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Chapter 14 Special Contracts Negotiable Instruments.docx

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Ryerson University
Law and Business
LAW 603
Gil Lan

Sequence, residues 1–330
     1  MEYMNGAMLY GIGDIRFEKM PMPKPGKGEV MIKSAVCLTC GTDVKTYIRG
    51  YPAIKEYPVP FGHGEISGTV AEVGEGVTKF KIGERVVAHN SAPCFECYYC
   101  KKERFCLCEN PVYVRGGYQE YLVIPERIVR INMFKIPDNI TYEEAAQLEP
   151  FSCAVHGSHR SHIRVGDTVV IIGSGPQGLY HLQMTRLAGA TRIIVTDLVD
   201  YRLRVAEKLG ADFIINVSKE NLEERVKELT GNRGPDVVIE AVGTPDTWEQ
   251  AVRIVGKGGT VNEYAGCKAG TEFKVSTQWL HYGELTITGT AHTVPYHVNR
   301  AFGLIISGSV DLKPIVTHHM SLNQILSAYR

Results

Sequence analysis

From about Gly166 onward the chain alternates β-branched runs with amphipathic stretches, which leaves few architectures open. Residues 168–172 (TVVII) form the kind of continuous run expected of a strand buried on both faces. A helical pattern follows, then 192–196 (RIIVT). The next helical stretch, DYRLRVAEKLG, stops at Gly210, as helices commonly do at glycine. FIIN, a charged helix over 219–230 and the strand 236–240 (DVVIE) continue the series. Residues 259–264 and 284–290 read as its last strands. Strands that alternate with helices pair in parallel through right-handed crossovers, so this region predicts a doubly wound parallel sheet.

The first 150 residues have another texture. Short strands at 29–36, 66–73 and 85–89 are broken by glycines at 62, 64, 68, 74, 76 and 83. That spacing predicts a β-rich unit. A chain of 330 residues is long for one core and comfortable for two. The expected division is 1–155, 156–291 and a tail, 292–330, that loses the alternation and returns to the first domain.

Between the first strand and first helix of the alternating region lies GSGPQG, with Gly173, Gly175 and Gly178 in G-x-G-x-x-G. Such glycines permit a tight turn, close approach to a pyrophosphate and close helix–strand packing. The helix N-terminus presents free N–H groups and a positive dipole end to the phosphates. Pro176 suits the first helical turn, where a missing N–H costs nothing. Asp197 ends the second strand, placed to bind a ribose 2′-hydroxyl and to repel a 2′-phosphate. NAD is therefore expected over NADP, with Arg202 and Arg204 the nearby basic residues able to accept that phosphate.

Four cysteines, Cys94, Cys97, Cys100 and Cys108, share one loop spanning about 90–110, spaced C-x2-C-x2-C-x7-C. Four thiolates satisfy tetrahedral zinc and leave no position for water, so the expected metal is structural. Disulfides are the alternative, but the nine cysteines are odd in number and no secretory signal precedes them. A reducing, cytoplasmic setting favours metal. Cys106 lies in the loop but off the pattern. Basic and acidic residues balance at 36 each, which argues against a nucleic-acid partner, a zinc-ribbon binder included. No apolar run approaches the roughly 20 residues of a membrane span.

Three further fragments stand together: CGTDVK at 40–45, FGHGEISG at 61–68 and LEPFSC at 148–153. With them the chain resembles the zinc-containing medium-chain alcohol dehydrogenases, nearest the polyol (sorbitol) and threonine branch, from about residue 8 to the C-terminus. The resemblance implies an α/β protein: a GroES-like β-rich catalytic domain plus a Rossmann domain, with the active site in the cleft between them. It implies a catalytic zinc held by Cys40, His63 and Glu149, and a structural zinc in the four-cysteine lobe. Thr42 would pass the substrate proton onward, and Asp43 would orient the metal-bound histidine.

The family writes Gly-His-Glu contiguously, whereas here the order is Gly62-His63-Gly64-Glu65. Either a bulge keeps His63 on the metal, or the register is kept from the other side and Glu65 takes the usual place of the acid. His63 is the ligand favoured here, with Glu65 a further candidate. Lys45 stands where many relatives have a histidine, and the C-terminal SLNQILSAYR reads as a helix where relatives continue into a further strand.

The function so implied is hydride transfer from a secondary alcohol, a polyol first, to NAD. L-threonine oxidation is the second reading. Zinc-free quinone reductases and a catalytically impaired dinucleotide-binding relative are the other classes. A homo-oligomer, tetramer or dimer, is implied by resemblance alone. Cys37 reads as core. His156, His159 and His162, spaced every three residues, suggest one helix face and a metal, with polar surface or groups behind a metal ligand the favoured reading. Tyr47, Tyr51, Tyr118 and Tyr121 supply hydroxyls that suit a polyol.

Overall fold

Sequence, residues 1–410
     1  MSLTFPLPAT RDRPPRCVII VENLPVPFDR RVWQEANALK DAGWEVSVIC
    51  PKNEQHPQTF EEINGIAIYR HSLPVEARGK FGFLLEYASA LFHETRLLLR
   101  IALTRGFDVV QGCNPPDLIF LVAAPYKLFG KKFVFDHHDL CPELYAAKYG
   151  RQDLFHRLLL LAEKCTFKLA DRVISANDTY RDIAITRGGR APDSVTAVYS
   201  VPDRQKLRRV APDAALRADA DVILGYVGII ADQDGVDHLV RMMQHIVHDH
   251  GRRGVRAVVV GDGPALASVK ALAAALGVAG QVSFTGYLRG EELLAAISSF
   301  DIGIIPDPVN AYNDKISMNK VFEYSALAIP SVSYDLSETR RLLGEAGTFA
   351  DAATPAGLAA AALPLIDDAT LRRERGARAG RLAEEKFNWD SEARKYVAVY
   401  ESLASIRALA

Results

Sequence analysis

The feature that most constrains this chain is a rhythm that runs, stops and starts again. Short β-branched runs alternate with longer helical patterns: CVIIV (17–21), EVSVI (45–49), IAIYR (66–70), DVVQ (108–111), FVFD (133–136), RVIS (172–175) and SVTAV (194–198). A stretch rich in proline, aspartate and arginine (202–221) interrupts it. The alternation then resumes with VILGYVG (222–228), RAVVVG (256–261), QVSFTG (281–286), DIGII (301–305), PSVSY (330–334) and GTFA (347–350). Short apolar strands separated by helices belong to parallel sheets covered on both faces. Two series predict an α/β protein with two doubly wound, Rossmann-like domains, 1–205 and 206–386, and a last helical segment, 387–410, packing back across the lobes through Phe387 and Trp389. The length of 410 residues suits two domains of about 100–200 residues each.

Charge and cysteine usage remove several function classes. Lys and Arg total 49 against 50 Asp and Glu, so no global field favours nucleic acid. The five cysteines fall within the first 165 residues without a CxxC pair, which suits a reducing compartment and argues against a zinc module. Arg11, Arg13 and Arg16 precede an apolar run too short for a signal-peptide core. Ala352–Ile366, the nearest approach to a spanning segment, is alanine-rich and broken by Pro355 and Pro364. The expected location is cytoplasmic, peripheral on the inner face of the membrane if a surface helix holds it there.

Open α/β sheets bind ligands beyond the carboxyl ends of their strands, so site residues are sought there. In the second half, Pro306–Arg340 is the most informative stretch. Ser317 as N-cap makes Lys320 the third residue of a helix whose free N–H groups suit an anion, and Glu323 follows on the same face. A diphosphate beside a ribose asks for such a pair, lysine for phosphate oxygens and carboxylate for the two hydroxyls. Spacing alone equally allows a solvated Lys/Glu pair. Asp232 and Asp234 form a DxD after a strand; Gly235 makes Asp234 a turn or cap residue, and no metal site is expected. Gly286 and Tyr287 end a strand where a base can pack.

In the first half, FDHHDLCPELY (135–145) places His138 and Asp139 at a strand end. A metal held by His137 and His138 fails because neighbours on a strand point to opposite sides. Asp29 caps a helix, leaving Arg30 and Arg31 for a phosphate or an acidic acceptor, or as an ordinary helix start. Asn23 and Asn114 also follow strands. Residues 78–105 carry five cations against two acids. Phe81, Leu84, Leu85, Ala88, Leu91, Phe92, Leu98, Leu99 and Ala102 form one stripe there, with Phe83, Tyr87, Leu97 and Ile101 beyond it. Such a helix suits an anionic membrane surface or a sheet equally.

Chapter 14 Special Contracts Negotiable Instruments Negotiable instrument- consists of a contract that contains an obligation to pay money • Consideration- something of value given in exchange, but in the case of a cheque it is a promise • Privity – stranger who did not participate in contract cannot sue on it • Assignment- can be assigned to a stranger The Bills of exchange Act • 1882 Enacted bills of exchange act in britan • The bills of exchange act is much less flexible than the sale of goods act • Contains a large number of rules that a contract must satisfy if those requirements are not met the act does not apply Types of Negotiable Instruments • Bill of exchange act applies only to cheques, bills of exchange and promissory notes • Five requirements that must always be met for the act apply • Signed and written- contracts can be created orally, a negotiable instrument must be signed and written • Parties identified- parties must clearly be defined , must be possible to show who must make the required payment • Certain sum of money- obligation must deal with the payment of money, not with things such as delivery of goods or performance service ,negotiable instruments may involve the payment of an interest it cannot require payment of a reasonable price or any money that may have been won in a lottery, also must be able to calc money by simply looking at the document itself • Time of payment- must be clearly stated, a person buying must be able to determine when the piece of paper can be turned into cash • Unconditional Obligation - if the person buys a car with a cheque it cannot require to be made if the buyer is satisfied with the car Concept summary 14.1 pg 324 Cheques • Created when a person orders a bank to pay a specific amount of money to someone • Drawer- is the person who draws or creates the cheque • Drawee- is the bank that is ordered to pay the money • Payee- is the person who is entitled to recive money from the bank 5 possible complications Postdated cheque • Is dated in the future • Only allows the person receiveing payment to wait till date cannot be paid beofre Staledated cheque • The payee does not seek payment within a reasonable time • Banks do not honor cheques that is presented more than 6 months after date that appears on it Overdrawn cheque • When the bank account does not hold enough money to satisfy it completely • Non suffient funds are fined to account Countermanded cheque • Occurs when a customer orders a bank to refuse payment on a cheque • Stop payment order • Will not accept a countermad unless the person is there in person and the cheque is fully described • Many bank contracts include a term that allows the bnak to debit an account if made in mistake, otherwise bank may have to sue the payee if it wants to recover the payment Certified cheque • Occurs when a drawee bank promises to honour the cheque • Can be certified by a payee or holder • Bank owes obligation only to its own customer but when it certifies cheque it owes the other an obligation • Certification means cheque cannot be countermanded Bills of exchange • Is created when one person orders another person to pay a specific amount to a rd 3 person • Bill of exchange may be drawn on a bank or anyone else • Figure 14.2 bill exchange 329 • Acceptance- occurs when the drawee promises to pay a bill • Is like a cheque not supportable without consideration • Bill of xchange may be payable on demand in which case it is called a Demand draft • Bills mostly used for international trade between large business Promissory note • Is created when one person gives another person a written promise to pay a specific amount of money • Person intended to receive money is called payee and who creates it is cal
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